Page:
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Embassy of Cyprus: Demilitarization (19 September, 1995 )

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19 September, 1995


          Embassy of Cyprus
          Press & Information Office
          2211 R Street NW
          Washington DC 20008
          (202) 232-8993
          (202) 234-1936 Fax


The U.S. House of Representatives yesterday (18 September, 1995) overwhelmingly adopted a resolution [H. Con. Res. 42] which "reaffirms the position that all foreign troops should be withdrawn from the territory of the Republic of Cyprus," and "considers that ultimate, total demilitarization of the Republic of Cyprus would meet the security concerns of all parties involved, would enhance prospects for a peaceful and lasting resolution of the dispute regarding Cyprus, would benefit all of the people of Cyprus, and merits international support."

A comprehensive proposal for the demilitarization of the Republic of Cyprus (contingent on the withdrawal of the Turkish occupation forces) was submitted to the U.N. in 1993 by Cyprus President Glafcos Clerides, to break "the counter-productive climate of fear and mistrust and thus enhance the prospects of a negotiated settlement." Senate Majority Leader Bob Dole also advocated such a course as far back as 1978 and, in May, U.S. Special Presidential Emissary for Cyprus Richard Beattie called the demilitarization issue "one of the most important and one of the first to be discussed as part of an overall settlement."

Unfortunately, Turkey has refused to even consider demilitarization of Cyprus, and instead continues to build up its occupation forces. Turkey invaded Cyprus in 1974 and as the Congressional resolution notes "the military occupation by Turkey of a large part of the territory of the Republic of Cyprus has continued for over 20 years." In expressing "its continued strong support for efforts by the United Nations Secretary General and the United States government to help resolve the Cyprus problem," the House of Representatives "welcomes the appointment of a Special Presidential Emissary for Cyprus" who was appointed by President Clinton as a further indication of his commitment to a Cyprus settlement.

The strong bipartisan support for the resolution reflects the frustration of the U.S. Congress caused by Turkish intransigence and the need to adopt a breakthrough on Cyprus. As the resolution states, "the continued overwhelming presence of more than 30,000 Turkish troops on Cyprus hampers the search for a freely negotiated solution to the dispute regarding Cyprus."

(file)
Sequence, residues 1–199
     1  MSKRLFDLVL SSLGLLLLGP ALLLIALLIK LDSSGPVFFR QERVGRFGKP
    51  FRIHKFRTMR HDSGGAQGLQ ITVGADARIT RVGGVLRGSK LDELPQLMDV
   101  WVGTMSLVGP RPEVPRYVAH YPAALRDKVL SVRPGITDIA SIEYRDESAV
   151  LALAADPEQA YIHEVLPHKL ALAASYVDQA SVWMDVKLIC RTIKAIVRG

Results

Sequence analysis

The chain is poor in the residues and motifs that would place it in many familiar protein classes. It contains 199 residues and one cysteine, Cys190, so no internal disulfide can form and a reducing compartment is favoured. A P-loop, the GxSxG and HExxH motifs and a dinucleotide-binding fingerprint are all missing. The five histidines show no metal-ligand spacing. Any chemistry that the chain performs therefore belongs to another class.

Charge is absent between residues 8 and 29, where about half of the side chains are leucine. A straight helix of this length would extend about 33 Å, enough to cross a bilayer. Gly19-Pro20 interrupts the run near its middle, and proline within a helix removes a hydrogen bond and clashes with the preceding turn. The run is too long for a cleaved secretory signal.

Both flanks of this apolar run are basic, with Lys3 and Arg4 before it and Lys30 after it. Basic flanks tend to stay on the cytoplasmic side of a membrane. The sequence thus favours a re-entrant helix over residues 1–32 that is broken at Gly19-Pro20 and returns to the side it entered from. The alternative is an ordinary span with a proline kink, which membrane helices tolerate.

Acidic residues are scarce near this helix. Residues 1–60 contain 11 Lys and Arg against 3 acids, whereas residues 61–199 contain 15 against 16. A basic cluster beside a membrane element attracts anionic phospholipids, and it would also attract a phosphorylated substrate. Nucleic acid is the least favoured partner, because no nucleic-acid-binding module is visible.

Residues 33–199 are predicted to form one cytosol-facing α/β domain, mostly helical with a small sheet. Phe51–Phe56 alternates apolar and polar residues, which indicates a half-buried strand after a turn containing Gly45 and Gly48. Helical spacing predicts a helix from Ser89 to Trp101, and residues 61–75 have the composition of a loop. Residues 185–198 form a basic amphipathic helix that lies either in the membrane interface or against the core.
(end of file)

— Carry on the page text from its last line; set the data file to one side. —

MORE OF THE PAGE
During a recent visit to Cyprus Representative Ben Gilman (R-New York), Chairman of the House International Relations Committee, expressed that same position in stating, on August 31, that "more must be done to pressure Turkey on the need to withdraw the Turkish army from Cyprus." And Senator Olympia Snowe (R-Maine), in introducing a similar bipartisan resolution [S. Con. Res. 11] that was adopted by the Senate Foreign Relations Committee last June, emphasized that the presence of the Turkish occupation force "forms the bedrock of the continuing political impasse" on the Cyprus issue.

To help break that impasse the Congressional resolution "encourages the United Nations Security Council and the United States Government to consider alternative approaches to promote a resolution of the long-standing dispute regarding Cyprus based upon relevant Security Council resolutions, including incentives to encourage progress in negotiations or effective measures against any recalcitrant party." The Cyprus government has long sought such action by the Security Council believing that coercive measures against Turkey may finally produce the flexibility needed for real progress to be achieved.

Cyprus' Ambassador to the United States Andrew Jacovides hailed the adoption of the resolution as a "major step forward" which "substantially advances the efforts of President Clerides and the government of Cyprus towards international acceptance and support for the concept of the demilitarization of Cyprus." Mr. Jacovides expressed great appreciation for the sponsors and supporters of the resolution and all those that made its adoption possible.

19 September, 1995

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